Anonymous said...

is Univ. of Ala., Huntsville an R1 institution, or more focused on teaching? That might explain the correlation between her denied tenure and what the newspapers are publishing about her teaching style.

Anonymous said...

Why shouldn't personality play into a tenure decision? It does for promotions and hiring decisions in nearly every other industry. When a coworker is difficult to get along with or doesn't "play nicely with others," it has a negative impact on the entire team, department, firm, etc. It makes much more sense to fire that person rather than allow the productivity of the entire group to suffer. Why should academia be an exception to this policy? Why force the rest of the department to endure the harmful attitude of one faculty member, even if that person has managed to do good research or teaches well? Except for very rare cases, one person's great research/teaching does not make up for a negative impact on everyone else's work. The best thing for everyone would be for that person to move to a place where they are a better fit.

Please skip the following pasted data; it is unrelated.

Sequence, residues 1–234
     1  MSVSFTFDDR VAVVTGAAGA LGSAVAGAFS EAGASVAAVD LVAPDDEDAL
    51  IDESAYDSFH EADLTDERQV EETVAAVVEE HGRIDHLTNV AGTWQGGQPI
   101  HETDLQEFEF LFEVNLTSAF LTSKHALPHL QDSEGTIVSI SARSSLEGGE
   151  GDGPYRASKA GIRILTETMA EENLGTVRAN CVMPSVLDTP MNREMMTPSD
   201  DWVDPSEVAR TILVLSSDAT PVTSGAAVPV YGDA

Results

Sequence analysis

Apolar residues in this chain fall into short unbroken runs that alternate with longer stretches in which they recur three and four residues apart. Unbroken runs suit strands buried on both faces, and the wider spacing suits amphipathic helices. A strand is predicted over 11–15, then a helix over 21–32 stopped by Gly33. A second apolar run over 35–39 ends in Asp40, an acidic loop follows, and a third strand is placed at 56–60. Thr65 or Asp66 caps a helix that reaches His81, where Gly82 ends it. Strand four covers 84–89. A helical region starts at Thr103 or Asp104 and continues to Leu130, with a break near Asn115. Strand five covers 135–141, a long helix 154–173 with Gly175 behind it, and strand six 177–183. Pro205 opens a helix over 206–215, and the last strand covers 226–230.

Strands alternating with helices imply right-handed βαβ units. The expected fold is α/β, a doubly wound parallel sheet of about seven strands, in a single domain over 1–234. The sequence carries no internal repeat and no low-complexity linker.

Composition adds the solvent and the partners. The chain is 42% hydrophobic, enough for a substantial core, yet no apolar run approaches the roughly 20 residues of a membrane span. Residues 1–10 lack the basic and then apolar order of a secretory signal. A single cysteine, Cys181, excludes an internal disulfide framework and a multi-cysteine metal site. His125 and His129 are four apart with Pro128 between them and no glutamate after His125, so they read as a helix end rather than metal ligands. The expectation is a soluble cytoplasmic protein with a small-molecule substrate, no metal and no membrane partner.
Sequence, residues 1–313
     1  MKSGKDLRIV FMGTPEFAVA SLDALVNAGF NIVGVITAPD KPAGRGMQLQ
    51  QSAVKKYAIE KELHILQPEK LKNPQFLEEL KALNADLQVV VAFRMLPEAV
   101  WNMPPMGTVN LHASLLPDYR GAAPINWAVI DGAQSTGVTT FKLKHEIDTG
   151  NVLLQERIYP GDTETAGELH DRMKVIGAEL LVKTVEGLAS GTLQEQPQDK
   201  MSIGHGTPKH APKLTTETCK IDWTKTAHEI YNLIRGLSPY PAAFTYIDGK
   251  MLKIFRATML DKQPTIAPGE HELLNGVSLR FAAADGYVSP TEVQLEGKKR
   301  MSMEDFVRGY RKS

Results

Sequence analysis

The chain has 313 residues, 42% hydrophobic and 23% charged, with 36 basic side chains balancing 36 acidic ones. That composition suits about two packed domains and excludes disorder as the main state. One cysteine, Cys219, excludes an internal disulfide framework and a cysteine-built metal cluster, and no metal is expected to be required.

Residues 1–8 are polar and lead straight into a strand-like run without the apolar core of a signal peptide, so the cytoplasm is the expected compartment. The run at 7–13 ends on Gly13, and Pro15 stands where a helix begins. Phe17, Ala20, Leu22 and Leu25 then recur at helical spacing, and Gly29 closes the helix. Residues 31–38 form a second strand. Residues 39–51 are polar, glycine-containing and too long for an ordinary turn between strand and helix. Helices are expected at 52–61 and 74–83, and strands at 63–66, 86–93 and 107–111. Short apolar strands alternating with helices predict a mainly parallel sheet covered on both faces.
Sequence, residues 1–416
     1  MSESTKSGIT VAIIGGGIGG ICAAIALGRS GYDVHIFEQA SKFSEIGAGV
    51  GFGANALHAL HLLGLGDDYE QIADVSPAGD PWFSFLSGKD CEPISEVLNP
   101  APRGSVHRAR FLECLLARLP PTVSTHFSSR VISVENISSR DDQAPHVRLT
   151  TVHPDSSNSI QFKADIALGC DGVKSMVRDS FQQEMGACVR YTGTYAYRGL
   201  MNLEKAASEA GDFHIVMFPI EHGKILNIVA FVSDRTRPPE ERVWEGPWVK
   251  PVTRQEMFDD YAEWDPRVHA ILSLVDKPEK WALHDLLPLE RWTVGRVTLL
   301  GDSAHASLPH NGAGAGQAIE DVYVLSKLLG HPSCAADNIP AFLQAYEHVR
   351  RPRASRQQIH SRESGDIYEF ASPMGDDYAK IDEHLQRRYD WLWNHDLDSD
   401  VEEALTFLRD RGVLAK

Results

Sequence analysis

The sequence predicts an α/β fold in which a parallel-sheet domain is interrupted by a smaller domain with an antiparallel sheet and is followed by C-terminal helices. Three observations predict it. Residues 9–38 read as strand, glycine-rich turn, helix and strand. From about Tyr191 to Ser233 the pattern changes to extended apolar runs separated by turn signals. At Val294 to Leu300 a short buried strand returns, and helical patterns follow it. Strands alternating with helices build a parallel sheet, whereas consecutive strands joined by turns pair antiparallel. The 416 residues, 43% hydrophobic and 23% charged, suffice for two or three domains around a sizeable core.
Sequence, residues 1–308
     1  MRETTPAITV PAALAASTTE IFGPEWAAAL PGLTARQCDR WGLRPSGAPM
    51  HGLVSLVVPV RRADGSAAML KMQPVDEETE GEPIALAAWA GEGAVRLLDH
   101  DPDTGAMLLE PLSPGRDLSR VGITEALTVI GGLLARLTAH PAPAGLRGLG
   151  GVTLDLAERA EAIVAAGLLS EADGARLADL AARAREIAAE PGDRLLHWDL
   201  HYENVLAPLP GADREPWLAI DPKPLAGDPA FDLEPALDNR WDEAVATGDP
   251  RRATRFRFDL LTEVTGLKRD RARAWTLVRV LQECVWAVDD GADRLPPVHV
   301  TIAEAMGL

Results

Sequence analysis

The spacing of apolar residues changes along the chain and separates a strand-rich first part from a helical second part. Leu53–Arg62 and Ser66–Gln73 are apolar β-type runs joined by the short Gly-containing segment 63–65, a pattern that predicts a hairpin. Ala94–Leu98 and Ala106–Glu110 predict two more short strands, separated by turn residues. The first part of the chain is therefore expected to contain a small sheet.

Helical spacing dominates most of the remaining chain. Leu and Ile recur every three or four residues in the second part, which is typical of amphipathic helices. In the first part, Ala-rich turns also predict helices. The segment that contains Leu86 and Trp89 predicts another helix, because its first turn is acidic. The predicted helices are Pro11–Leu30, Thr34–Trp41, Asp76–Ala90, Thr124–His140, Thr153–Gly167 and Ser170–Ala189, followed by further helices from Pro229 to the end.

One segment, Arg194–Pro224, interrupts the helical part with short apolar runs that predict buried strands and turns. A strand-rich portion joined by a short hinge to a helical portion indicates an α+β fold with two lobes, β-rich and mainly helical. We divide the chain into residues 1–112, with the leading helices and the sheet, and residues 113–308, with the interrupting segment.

Anonymous said...

Unless personality issues are dramatically outside the norm, I do not think they make a major impact in my Department. However, in a borderline case, I think we can and should evaluate whether someone is contributing to the scientific excellence of our Department through their interactions with their colleagues. Someone with a strong history of productive collaborations, and who is helpful in providing access to and advice in using novel technologies, is likely to be more valuable to the Department and the field than someone who does not behave in this way. It should not be whether you go out for coffee or drinks with colleagues, but about whether your colleagues have grad students and postdocs in your lab using your equipment and getting advice from you.